Family Tree Maker 2012 for Windows (PC) is currently on sale for $29.99 (retail $39.99) and for MAC is currently on sale for $52.49 (retail $69.99)
RootsMagic 6 Edition is soon to be released (est. Dec. 17th) with the always affordable price of $29.95 or upgrade a previous edition for just $19.95. Update: Give gift copies for $19.95 each! This deal ends Dec. 20, 2012.
The 7.5 edition of Legacy Family Tree is $29.95 (retail $39.95) and many other discounted products including webinars, training videos, and gift packs and bundle offers.
Subscriptions with discounts
GenealogyBank’s annual membership offer retails at $69.95 and is currently $55.95 to access their digital newspaper collection.
Get FamilyTree Magazine subscription for $19.80 (retail $27) at Magazine Bargains and use the current promo code SAVE10 for 10% off. This popular genealogist magazine makes a great gift for a family and friends! This site even takes PayPal for quick transactions.
Sharing your family history
Click through this Leafseeker Consulting affiliate deal link and get 25% off your order over $50 or 50% off your order over $100 for all hardcover photo books at MyPublisher. I think this would make a great memento for family reunion photos and even family recipes!
We wake each day, turn on the television and are greeted with a meteorologist who is ever eager to tell us what to wear or stow away for the day. But have you thought of the methods our ancestors used to predict the weather in the pre-meteorologic days?
With winter at our doorstep, there are plenty of old proverbs that predict the upcoming weather. I do not recall when I first began using a few weather proverbs myself, but they were passed down to me through my maternal grandmother.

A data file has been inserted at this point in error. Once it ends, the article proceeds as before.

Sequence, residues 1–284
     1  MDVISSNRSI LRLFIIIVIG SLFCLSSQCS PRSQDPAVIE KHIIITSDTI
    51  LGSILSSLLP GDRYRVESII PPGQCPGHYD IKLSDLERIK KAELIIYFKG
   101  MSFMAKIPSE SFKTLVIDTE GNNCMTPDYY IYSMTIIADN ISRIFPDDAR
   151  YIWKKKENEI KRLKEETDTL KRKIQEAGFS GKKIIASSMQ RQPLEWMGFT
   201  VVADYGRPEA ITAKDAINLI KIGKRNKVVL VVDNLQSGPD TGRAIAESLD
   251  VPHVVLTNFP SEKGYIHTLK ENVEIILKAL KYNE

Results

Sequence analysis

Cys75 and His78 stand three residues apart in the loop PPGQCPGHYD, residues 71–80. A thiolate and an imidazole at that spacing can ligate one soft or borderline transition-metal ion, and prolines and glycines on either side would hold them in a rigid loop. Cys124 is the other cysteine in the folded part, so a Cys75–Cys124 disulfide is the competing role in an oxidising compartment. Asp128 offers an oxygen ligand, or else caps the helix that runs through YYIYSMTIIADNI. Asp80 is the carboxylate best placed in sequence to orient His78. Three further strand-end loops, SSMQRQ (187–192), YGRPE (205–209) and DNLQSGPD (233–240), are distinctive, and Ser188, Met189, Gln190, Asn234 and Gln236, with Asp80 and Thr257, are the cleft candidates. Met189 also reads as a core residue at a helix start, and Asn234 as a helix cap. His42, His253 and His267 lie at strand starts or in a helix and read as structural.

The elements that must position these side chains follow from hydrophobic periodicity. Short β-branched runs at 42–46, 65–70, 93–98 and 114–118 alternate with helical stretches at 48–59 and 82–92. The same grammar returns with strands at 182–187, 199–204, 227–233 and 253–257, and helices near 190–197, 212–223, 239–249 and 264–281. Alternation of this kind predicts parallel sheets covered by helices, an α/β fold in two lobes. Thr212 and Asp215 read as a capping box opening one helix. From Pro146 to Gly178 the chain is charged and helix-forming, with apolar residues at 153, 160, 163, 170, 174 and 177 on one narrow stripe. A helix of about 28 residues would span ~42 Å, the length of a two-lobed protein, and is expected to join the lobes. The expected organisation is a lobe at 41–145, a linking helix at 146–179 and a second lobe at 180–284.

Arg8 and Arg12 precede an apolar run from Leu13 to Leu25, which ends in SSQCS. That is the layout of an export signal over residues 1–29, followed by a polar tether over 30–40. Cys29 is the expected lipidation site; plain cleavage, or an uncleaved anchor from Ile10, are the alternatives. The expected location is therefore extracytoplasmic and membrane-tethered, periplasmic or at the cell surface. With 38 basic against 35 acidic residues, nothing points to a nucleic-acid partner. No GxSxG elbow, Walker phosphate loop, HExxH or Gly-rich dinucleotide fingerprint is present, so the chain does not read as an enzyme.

A split persimmon can predict the winter weather and it’s severity if it shows a knife (icy & cold), a fork (mild) or a spoon (snowy).
The amount of brown and black markings on a wooly bear caterpillar (or wooly worm in around my parts) can determine how much winter we will have…the less brown and more black the worm’s band, the more harsh the winter.
If the geese flock together early and begin flying south, winter is soon to arrive.
I could not resist cutting open a few persimmon seeds from the fruit I harvested from several trees. Once opened, which I might add is quite an adventure in itself, each seed revealed a single spoon. Well, if you live in the eastern side of Missouri, get out your snow boots and gloves as they are predicting snow. Last winter, I found forks in the seeds I split and they were quite accurate with the winter weather that followed.
As for the geese, they are not ready to pack their bags quite yet but they do appear to be flocking together more than usual.
And at last, the wooly worm, I am still on the lookout for its fuzzy prediction.